Bonds remained weaker despite another mostly successful auction of government bonds Thursday afternoon, as the seemingly inexorable march toward a 5% yield on the 10-year Treasury note showed few signs of abating.
The 10-year Treasury note was recently down about 6/32 to yield 4.84%, while the 30-year was off 10/32 to yield 5.54%. After crossing the psychologically important yield threshold of 4.8% overnight, bonds sold off earlier on the heels of stronger-than-expected inflation numbers, with the yield on the 10-year Treasury note touching a 20-month high slightly above 4.85%.
Thursday's sale of $15 billion of 10-year notes, the third of three bond auctions held by the federal government this week, drew a low bid of 4.848%. The yield-to-cover ratio, which gauges demand for the available supply, was a solid 2.78, while indirect participation, which is a rough proxy for overseas demand, came to 43.5%. The figure was roughly 20% at the last auction in March.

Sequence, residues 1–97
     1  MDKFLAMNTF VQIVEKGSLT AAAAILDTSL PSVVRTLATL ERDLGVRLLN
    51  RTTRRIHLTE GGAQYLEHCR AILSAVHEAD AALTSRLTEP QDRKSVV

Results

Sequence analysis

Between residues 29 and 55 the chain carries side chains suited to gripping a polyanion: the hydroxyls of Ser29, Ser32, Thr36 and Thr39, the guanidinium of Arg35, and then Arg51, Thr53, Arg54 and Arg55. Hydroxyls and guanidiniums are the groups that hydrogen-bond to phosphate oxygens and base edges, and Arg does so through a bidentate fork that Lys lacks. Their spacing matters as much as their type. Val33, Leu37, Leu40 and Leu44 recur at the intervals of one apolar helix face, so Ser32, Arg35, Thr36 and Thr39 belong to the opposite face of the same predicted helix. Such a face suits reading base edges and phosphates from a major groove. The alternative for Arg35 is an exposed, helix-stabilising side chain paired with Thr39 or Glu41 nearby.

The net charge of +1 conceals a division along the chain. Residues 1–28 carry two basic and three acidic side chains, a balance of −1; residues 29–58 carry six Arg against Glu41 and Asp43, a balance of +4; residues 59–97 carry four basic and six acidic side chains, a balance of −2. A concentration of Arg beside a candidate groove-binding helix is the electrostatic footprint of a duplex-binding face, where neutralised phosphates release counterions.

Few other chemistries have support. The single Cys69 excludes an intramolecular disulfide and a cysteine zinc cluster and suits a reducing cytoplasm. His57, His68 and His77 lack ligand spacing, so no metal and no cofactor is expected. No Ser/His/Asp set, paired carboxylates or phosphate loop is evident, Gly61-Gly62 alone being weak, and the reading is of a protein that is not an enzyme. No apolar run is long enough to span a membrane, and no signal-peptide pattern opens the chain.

Bonds continue to price in the market's concern that the
isn't moving fast enough to quell inflation, with the spread between fed funds and Treasury yields at multiyear highs. Fed funds future contracts currently price in a near-100% chance of a tightening when the Federal Open Markets Committee meets in late June.
Contributing to that concern was a Labor Department report earlier Thursday that showed producer prices rose 0.7% in April, slightly higher than expected. The core rate, which excludes food and energy prices, rose 0.2%. Economists expect the April consumer price index to show a rise of 0.3% when it's released on Friday.